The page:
I have the great fortune of presenting tomorrow at the European Association of Archaeologists’ annual conference, hosted this year in sunny Barcelona. I’m in an incredible session called Human, Posthuman, Transhuman Digital Archaeologies, featuring some of my heroes and professional inspirations (Friday 7 Sept, 14:00 – 18:30, Room: UB220, Hashtag:#S363). You can read many of their full papers online on Colleen’s website.
As it’s the culmination of many years of my thinking, I’m not able to circulate my 8000-word paper (it will hopefully be published in full very shortly). However I have tried to distil the argument into a few slides, copied below. In distilling the argument down so much, I’ve had to make a lot of generalising statements (a few of the most blatant of which are highlighted via *an asterisk). I do not claim there are no exceptions, and I am certainly not the first to put forward aspects of this argument. What I am hoping to do, however, is draw everything together into a workable model of practice that is not grounded in the discipline’s normative crisis mode of operation. This is my first attempt at articulating an enchantment model for archaeology.
While there are literally hundreds of people who have worked with me to refine these ideas, I need to explicitly acknowledge Katrina Gargett, Sierra McKinney, Sophia Mirashrafi and Angeliki Tzouganatou, whose research endeavours are allowing us to test some of this model in practice. I am indebted to you all.
I hope to see everyone in Barcelona or otherwise discuss these issues in other venues!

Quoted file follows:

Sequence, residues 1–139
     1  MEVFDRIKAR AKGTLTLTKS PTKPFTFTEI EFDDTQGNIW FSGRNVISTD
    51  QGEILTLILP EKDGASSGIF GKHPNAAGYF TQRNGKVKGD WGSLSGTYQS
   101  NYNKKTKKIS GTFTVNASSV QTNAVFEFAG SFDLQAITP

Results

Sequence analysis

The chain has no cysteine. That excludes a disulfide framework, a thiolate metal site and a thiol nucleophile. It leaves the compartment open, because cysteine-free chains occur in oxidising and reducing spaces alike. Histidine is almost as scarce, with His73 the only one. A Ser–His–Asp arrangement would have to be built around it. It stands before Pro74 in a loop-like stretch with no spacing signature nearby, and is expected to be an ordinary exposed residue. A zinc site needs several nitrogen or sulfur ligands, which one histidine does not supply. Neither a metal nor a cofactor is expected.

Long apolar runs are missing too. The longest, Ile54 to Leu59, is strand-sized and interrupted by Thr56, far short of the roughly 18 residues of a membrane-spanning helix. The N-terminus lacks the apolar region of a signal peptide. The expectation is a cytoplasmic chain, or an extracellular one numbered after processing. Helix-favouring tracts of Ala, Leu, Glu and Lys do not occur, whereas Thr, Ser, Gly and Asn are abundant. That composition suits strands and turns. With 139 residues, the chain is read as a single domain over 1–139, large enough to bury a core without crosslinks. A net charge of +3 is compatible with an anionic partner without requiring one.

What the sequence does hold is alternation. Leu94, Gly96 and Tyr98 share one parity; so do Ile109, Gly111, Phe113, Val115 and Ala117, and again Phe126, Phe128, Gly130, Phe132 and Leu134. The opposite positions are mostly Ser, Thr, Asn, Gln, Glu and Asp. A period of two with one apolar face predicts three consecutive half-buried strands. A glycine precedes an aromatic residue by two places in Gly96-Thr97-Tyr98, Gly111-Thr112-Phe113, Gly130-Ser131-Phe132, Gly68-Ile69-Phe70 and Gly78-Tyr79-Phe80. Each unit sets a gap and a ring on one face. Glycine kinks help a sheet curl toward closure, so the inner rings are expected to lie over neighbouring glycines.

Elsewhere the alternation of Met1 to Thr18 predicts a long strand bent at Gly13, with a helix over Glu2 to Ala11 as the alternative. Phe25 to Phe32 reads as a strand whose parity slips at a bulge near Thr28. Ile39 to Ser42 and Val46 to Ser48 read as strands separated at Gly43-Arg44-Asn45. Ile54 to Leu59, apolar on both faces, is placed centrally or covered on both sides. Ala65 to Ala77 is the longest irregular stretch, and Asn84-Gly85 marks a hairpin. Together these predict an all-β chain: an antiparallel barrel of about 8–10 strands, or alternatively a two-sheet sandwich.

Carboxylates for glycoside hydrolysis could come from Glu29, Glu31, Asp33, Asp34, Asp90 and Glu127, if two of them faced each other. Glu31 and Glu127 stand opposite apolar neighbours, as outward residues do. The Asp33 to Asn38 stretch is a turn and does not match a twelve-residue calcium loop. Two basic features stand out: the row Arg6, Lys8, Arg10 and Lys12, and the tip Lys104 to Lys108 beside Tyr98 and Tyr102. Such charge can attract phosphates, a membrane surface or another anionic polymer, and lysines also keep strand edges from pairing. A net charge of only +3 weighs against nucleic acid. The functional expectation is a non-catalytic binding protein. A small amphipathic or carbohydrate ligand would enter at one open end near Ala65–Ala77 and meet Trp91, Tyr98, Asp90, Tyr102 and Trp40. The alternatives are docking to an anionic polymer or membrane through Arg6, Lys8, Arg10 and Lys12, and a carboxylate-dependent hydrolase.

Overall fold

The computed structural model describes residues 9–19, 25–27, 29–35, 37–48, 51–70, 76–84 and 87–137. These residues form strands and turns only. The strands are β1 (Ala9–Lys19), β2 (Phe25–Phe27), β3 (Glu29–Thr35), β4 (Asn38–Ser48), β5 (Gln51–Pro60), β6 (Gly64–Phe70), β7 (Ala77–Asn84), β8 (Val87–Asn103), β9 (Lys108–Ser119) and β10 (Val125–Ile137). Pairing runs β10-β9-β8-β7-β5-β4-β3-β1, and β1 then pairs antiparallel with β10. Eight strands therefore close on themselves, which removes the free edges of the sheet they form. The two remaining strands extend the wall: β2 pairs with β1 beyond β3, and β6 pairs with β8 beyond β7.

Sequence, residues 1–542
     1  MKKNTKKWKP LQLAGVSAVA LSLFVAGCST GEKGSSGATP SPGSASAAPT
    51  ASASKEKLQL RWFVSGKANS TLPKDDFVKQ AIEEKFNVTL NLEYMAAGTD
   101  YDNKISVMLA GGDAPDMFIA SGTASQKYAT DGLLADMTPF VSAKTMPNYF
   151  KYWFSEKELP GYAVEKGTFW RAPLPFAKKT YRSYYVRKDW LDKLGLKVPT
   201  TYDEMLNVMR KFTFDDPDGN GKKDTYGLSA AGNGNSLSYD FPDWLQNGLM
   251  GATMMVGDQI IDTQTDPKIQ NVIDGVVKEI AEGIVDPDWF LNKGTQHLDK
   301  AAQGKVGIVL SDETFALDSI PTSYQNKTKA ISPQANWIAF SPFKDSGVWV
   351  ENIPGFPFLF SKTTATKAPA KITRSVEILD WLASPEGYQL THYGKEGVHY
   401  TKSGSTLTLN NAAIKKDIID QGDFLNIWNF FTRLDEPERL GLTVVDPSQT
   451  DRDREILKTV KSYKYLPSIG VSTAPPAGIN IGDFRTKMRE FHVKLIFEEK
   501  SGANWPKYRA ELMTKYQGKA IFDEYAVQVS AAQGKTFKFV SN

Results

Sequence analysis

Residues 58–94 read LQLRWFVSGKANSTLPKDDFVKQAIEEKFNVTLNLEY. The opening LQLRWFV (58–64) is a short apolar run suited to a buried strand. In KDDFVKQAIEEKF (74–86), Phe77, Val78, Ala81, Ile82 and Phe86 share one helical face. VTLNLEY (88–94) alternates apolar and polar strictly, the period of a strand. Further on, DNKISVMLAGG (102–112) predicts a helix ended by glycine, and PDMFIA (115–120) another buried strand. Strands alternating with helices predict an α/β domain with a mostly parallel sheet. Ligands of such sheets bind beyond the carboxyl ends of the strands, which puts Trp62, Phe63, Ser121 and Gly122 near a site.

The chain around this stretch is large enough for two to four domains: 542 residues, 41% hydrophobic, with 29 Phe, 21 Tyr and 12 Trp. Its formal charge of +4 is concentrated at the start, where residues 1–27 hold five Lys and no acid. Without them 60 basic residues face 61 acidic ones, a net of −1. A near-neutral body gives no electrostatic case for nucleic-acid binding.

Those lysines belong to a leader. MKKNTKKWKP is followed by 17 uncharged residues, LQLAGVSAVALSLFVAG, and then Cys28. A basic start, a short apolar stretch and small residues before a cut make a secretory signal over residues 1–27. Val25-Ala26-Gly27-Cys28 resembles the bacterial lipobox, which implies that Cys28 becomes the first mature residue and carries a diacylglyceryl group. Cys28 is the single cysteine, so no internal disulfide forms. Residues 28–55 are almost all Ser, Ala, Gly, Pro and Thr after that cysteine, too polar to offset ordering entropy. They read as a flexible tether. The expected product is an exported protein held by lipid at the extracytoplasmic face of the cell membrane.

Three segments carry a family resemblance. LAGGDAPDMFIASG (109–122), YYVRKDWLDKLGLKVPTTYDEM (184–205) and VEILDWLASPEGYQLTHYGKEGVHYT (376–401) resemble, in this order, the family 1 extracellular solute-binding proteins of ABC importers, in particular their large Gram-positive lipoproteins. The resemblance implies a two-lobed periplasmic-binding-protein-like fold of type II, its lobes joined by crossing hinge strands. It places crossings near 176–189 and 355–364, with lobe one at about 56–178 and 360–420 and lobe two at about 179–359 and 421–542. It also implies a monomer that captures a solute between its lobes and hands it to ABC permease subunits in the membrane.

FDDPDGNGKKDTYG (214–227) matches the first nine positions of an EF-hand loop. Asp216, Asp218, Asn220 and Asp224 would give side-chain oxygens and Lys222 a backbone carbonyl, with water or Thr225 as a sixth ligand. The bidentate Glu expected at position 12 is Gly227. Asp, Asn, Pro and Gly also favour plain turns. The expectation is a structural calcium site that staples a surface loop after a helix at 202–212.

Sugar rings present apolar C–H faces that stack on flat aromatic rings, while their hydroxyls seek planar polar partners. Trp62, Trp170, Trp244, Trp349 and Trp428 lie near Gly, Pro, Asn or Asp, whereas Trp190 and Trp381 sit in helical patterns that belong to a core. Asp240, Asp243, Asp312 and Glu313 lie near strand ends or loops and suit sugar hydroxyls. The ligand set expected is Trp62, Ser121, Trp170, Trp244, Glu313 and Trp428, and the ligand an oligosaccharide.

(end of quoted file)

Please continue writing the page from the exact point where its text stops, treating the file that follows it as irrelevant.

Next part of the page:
4 thoughts on “The enchantment of the archaeological record”
This is really optimistic, I love it. I wonder about the agency aspect – is it the archaeology that enchants or the archaeologist? Your examples are generally heritage/museum flavoured: I’ve always found the excavation site to be a powerful, emotive, engaging public place/space, and lots of my work over many years has been about trying to understand these encounters – this links back to your ‘trowel’s edge’ piece I suppose. This is a really nice model for thinking and working with – thank you!
Yes – good point, and because there wasn’t much space in my talk (5mins long only!) to delve into specifics, there’s a lot to be elaborated. I completely agree with what you say, and it’s – as you write – in the encounters between everything that I think the most rich outcomes are realised. Pat Hadley recently made me think about how we often rely on certain types of folks to ‘add’ enchantment to the archaeology, so this point has been on my mind. I hope I see you again in person soon so we can speak more about it all!